Friday, June 30, 2006

A Thousand Words or So

by Paul B. Wiener

All definitions of information may have only one thing in common: they assume it is recognizable. One definition I especially like says: it is a measure of how surprising something is. True, that comes from a protein engineering glossary at the Biomedical Centre in Uppsala, Sweden, but that doesn’t make it any less true. I have a special affection for surprising information because most of it can’t be searched for, and when it’s found, much of it can’t be described. Often it’s not even recognized until its effects are felt, like childhood. This makes someone like me, a librarian with a limited memory and a healthy skepticism about truth, feel a little less guilty for not always being able to answer the questions people ask me. Oh, I can find answers easily enough. Answers are the easy part of information. I just have to rephrase their questions sometimes, to make the answers work. How do you teach people to enjoy being surprised: by giving them what they expect?

One way is by visiting web sites with names that provide no clues about their content. And when the site appears, what’s visible also isn’t much of a clue. Not right away.

One such site is Dredge, produced by a group of electronic media students in our own Department of Art. (And fittingly, you won’t find it listed anywhere by using the anemic search engine on Stony Brook’s Home Page either, though I’m sure that wasn’t the students’ intention.) Virtually nothing on Dredge’s front page tells you what it is – a display site for artistic productions and experiments. Instead, you have to look for the hyperlinks across a large dark, teasing space until you decide that those things down there must be the links. The search process is prompted by the page design. Your “visual brain” is forced to overrule your “textual brain.” Many clueless sites are like Dredge, visually stunning, often textless pages made by people in the arts - photographers, cartoonists, graphics freaks, website designers, Adobe acrobats, hashers, neo-cartographers, poets, topologists - even scientists and farsighted young entrepreneurs like Alex Tew, who invented the Million Dollar Home Page. These people love the challenge of picturing those famous thousand words before you can even think of them. Think of the information gained as similar to what we learn from our dreams, even though they don’t have subtitles.

Another quirky graphic artist’s page that lets you decide how to find its informational content is Leif Parsons’ Page. And another is Ian Timourian’s, which focuses on fractals, visual remixes, generative design, and many of the other new forms of art made possible by computer technology. The site Visual Complexity studies the visual display of information by, well, showing it off. It stuns you with its opening page that presents hundreds of unexplained proprietary information design templates. Bit offers some verbal encouragement too: “Functional visualizations are more than innovative statistical analyses and computational algorithms. They must make sense to the user and require a visual language system that uses colour, shape, line, hierarchy and composition to communicate clearly and appropriately, much like the alphabetic and character-based languages used worldwide between humans.”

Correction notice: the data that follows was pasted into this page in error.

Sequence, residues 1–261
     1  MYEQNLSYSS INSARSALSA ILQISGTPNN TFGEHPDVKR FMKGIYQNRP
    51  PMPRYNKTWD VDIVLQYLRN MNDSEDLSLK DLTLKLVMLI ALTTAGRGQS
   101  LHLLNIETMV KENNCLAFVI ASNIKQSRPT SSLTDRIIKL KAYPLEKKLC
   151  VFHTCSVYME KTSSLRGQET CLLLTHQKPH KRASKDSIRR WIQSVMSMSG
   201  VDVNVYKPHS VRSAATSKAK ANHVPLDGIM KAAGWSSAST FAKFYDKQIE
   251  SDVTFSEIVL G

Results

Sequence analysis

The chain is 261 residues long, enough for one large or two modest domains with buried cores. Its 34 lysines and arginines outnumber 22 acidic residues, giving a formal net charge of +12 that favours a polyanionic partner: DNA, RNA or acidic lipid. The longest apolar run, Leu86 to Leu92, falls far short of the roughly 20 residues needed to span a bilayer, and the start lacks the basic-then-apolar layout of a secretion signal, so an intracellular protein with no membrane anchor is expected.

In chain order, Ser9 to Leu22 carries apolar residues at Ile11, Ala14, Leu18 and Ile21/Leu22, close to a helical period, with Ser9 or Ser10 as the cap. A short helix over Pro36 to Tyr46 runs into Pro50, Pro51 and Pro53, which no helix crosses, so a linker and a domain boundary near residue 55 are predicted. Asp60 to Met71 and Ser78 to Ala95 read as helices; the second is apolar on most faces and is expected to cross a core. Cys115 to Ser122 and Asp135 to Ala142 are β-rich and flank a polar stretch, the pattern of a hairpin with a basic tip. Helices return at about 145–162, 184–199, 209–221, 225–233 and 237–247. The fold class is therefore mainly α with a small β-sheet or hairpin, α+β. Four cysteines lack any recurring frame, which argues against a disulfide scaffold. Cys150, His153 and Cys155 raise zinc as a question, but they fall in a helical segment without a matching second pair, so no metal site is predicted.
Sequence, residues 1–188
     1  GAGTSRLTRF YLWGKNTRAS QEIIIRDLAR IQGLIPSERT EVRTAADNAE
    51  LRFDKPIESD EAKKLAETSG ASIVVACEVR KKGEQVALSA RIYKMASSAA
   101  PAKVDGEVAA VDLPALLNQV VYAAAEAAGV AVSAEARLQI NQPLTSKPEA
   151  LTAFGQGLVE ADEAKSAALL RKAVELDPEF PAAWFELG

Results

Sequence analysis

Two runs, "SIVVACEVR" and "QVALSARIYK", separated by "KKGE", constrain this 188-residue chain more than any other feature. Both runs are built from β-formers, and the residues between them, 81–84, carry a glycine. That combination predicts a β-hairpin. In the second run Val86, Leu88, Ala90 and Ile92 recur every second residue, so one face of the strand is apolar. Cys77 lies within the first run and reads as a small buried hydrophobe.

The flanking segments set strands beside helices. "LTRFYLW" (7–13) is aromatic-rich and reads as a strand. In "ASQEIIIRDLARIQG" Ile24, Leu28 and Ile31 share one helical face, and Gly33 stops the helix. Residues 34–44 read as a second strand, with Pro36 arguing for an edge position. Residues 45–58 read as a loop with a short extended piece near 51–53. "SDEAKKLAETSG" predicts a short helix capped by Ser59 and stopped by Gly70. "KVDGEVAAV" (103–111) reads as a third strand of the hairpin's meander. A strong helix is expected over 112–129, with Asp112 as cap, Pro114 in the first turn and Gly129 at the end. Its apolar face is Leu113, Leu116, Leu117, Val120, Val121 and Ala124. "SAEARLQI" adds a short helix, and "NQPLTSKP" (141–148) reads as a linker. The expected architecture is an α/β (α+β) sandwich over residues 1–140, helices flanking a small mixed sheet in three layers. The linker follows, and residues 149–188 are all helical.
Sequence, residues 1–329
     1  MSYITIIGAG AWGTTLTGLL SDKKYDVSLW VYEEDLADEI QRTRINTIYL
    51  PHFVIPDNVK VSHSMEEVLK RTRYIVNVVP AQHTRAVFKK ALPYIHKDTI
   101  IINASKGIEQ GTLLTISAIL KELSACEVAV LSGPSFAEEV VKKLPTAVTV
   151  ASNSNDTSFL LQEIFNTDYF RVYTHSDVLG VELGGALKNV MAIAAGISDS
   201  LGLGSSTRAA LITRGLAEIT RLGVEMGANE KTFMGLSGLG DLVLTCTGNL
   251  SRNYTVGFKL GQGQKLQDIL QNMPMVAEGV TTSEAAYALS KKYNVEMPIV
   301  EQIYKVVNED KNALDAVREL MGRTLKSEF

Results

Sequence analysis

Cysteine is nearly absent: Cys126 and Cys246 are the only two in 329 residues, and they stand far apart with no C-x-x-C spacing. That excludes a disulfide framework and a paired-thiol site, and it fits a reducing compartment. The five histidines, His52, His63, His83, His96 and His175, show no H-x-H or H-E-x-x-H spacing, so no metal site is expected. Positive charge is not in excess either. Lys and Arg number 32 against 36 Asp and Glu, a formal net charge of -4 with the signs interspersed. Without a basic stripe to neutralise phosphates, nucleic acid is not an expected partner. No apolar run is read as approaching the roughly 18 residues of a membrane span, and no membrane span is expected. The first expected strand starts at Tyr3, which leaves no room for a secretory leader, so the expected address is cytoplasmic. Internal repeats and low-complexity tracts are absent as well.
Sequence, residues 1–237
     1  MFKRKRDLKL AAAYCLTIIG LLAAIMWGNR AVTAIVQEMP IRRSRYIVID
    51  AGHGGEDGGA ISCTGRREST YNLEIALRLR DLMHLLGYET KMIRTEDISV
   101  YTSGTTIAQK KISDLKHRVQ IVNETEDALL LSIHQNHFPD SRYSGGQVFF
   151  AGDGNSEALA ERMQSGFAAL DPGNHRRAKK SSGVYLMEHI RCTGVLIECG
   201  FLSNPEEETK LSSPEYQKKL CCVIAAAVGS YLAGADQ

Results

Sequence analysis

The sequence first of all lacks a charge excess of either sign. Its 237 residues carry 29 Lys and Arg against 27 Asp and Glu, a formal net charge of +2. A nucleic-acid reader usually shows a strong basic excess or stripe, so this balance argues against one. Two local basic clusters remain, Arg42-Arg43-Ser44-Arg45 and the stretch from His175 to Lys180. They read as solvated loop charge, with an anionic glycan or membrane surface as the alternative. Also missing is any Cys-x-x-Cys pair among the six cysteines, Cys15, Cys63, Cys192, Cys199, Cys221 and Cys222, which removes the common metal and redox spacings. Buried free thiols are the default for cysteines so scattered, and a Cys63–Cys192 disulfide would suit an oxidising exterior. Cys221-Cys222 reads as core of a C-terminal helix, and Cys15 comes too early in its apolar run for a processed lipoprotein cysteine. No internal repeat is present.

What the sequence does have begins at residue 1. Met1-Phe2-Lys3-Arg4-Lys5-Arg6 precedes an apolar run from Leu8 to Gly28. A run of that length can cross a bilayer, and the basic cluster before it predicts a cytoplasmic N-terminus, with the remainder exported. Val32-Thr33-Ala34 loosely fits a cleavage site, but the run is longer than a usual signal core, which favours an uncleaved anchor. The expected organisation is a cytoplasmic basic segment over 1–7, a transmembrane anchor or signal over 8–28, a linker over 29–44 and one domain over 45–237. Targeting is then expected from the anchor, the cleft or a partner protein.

Even political forums on the web can score points without using words, animating information to appeal to the newer kinds of “information literacy”. Many web sites and blogs, like, Molecular Expressions, and An Atlas of Cyberspaces, use text to introduce links to the latest text-free games, special effects photography, cartography, optical illusions, digital video and flash animations. And let’s not forget the latest craze, the ever-teasing YouTube. These sites offer learning experiences that can be visually instructive far more quickly than they can be explained – or justified - in words.

Information as most librarians and scholars know it uses symbols – not only words, but numbers, formulae, marks – as well as color and sound, to communicate and document experience. More importantly, most librarians use language to describe the symbols. Symbols called “words” tag ideas, facts, events, people, experiences, memories, feelings, observations. We use them to organize various attributes and similarities. The world thus described is sometimes called “recorded history,” sometimes “science,” and sometimes “reality,” and sometimes “searchable.” What do we do about the information that cannot be so described - the recorded stuff that can only be perceived non-verbally? Do we translate it into words? How many translations (copies, messengers, media, generations, reproductions) will records survive before they lose “authenticity”, whatever that is? This problem long intrigued the philosopher Walter Benjamin, who applied it to works of art. But he wrote it before the internet existed. One answer seems to be: some records survive translation better than other records, and better than most works of art.